Sue Parker writes that the contract changes to be implemented by the Labor Party within the Australian Civil Service (APS) show why legal and consulting businesses should never rely on revenue and marketing success.
The new government will review all consulting and leasing firm contracts and foreign spending, as promised in the election policies.
Arbitrary staffing restrictions will also be lifted as the government seeks to reduce reliance on external contractors by 10 percent in the first year. Income savings are estimated to reach $3 billion in four years.
Finance Minister Katy Gallagher and Treasurer Jim Chalmers have recommended that they will invest approximately 500 million in reinvestment to rebuild APS’s internal capacity and capacity. The government has stated that the contracts of the four major global consulting firms will remain intact.
So what does this mean for legal, consulting and recruiting organizations? Quite a wake-up call, overall I would recommend. For companies that rely heavily on federal revenue streams, this is a call for notification. While not your own firm, you may have customers driving the changes.
But it is also a commercial reminder for all businesses to heed the impact of a change of guard and new leadership.
Outside the public sector, supplier contracts are regularly reduced or canceled. Nepotism, political manifestations and relationships can cause commercial havoc with the change of senior managers and board members.
An insurance policy mentality
Usually when small and midsize companies have big juicy contracts, they stop marketing and brand profile management.
An example of this was the devastating loss to the wine and seafood industry last year as a result of China pulling the trade pin. Immediate marketing to other countries was necessary to fill trade blindness and revenue gaps.
All businesses and law firms should think of marketing and advertising with an insurance policy mindset.
We never know when the carpet will be pulled, so it’s imperative to build a solid commercial attraction platform to cushion any blows. And an insurance policy mindset is fertile ground for expansion and new growth.
Don’t put all your marketing eggs in one basket
Another issue that bites businesses is putting all their marketing eggs in one basket. It is important to spread brands and service value across earned, owned and paid media channels.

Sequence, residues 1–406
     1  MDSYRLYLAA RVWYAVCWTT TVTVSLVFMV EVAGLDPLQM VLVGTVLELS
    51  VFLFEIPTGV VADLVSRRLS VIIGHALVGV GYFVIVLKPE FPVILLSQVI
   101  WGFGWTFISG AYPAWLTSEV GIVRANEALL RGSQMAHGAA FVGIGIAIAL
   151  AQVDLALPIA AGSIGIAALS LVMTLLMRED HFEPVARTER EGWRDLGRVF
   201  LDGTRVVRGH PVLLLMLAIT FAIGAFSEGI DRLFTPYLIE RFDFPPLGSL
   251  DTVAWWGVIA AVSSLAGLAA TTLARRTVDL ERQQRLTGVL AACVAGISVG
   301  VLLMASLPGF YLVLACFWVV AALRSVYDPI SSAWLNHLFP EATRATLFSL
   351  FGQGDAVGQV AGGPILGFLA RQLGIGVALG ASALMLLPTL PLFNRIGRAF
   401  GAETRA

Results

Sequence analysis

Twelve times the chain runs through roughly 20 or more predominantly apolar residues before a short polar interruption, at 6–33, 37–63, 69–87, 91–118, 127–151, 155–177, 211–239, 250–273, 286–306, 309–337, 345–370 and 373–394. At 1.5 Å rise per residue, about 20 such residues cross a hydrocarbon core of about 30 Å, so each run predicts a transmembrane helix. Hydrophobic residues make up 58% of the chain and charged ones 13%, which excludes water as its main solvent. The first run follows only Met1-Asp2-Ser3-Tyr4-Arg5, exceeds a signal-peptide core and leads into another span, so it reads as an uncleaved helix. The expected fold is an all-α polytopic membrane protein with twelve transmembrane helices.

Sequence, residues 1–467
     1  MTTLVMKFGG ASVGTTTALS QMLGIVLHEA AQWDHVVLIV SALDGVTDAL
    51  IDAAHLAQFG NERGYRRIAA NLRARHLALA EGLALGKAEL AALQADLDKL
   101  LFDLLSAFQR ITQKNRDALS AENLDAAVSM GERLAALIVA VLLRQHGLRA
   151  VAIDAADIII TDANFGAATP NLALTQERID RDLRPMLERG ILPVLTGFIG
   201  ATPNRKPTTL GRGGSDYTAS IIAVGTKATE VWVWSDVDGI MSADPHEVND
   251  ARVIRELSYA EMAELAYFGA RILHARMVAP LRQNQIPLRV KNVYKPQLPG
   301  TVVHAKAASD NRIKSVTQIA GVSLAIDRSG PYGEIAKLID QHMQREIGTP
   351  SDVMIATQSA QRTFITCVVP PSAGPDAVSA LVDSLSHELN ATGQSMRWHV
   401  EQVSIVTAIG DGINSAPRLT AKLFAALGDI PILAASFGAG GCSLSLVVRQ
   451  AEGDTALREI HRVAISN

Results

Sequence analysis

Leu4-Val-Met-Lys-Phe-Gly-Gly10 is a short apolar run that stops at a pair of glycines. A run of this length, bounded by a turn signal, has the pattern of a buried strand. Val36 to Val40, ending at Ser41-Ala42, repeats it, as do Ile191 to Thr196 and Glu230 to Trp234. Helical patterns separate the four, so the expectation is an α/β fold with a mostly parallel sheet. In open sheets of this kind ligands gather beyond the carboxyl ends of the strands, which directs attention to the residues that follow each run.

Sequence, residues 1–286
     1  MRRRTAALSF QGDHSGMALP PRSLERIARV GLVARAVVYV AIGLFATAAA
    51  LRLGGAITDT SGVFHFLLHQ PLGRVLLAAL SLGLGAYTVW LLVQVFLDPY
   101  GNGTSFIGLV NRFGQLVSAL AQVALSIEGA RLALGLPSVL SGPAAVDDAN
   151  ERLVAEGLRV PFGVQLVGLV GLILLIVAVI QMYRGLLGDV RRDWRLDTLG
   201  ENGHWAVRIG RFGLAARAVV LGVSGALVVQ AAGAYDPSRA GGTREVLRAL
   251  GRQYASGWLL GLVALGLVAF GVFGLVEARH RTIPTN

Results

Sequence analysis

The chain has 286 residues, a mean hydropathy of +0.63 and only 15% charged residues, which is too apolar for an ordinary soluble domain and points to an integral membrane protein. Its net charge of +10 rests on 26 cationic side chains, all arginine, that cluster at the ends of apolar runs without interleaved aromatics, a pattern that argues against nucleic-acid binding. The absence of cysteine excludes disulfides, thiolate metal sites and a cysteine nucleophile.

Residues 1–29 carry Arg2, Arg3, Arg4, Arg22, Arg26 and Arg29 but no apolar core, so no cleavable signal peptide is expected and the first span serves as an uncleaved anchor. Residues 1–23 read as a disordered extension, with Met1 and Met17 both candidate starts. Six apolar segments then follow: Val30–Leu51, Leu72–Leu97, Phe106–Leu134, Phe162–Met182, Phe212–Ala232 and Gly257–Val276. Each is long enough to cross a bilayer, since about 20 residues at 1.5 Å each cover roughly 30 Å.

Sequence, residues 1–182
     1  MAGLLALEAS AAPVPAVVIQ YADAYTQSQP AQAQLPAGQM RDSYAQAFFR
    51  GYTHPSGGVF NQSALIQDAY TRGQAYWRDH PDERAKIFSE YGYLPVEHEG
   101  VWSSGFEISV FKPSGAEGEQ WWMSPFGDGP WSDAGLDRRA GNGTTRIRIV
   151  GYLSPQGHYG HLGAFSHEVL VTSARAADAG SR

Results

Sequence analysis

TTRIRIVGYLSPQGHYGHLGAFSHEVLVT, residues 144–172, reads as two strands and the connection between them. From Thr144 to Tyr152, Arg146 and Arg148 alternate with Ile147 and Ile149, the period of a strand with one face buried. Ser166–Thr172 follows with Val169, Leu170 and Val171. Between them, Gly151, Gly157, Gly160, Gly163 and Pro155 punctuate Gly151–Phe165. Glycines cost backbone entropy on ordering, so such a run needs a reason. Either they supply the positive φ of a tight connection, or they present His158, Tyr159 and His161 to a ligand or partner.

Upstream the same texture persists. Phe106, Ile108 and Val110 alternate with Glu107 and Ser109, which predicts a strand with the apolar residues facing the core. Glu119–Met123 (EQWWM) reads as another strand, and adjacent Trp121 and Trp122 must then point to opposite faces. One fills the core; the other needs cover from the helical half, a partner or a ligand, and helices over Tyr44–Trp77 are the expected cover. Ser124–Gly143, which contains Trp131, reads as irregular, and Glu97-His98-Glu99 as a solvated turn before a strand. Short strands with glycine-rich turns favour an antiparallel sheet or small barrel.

Visibility, trust, and expert positioning are at the core of inspiring conversations and research across all earned, owned and paid columns.
Building a marketing appeal platform
- LinkedIn is mission critical. A strong profile, consistent presence and contributions from gravitas are a priority. Content that educates, informs and inspires is key.
- public relations and media. For boutique and small companies, the fruit is ripened here to adapt to target markets with expertise. As a subject authority, niche media, opinion articles, and interviews build visibility and trust.
- Events/networking/collection. Step up and be seen. Sponsoring events with industry support is also a great way to keep your brand in mind. And sharpen your position of authority by keynotes and speaking to interested audiences.
- Digital, EDM and SEO strategy. Keep the heat on Google visibility, content ranking, and digital campaigns.
- Personal profile management. Feel free to capture and convey the essence of your values and visions. Be involved in LinkedIn, websites, social media and affiliate marketing.
- values. Recent election results showed how important personal and societal values are in making decisions and adapting to leadership and vision. Communicating true values in personal and trademarks is the way forward than ever before to build trust and new relationships.
Having the foundations to smooth changes in business wealth will not only minimize revenue risk, but will also support talent attraction and brand loyalty.
Sue Parker is the owner of DARE Group Australia.